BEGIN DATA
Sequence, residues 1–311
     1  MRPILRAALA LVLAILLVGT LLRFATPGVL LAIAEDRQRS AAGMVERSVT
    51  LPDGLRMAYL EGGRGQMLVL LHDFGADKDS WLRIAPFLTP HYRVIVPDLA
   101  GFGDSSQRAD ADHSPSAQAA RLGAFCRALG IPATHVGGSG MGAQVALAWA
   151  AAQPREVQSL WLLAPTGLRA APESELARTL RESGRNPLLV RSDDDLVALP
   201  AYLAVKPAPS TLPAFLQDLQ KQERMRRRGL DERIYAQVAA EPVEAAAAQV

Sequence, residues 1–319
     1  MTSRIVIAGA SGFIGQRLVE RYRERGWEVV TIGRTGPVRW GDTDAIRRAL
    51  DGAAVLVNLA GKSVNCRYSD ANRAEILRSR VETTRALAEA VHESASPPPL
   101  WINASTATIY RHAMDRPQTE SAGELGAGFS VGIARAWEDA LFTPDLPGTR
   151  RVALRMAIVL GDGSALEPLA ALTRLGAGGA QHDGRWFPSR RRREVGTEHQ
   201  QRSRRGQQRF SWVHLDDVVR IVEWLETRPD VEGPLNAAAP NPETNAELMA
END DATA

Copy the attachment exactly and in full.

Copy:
Sequence, residues 1–311
     1  MRPILRAALA LVLAILLVGT LLRFATPGVL LAIAEDRQRS AAGMVERSVT
    51  LPDGLRMAYL EGGRGQMLVL LHDFGADKDS WLRIAPFLTP HYRVIVPDLA
   101  GFGDSSQRAD ADHSPSAQAA RLGAFCRALG IPATHVGGSG MGAQVALAWA
   151  AAQPREVQSL WLLAPTGLRA APESELARTL RESGRNPLLV RSDDDLVALP
   201  AYLAVKPAPS TLPAFLQDLQ KQERMRRRGL DERIYAQVAA EPVEAAAAQV

Sequence, residues 1–319
     1  MTSRIVIAGA SGFIGQRLVE RYRERGWEVV TIGRTGPVRW GDTDAIRRAL
    51  DGAAVLVNLA GKSVNCRYSD ANRAEILRSR VETTRALAEA VHESASPPPL
   101  WINASTATIY RHAMDRPQTE SAGELGAGFS VGIARAWEDA LFTPDLPGTR
   151  RVALRMAIVL GDGSALEPLA ALTRLGAGGA QHDGRWFPSR RRREVGTEHQ
   201  QRSRRGQQRF SWVHLDDVVR IVEWLETRPD VEGPLNAAAP NPETNAELMA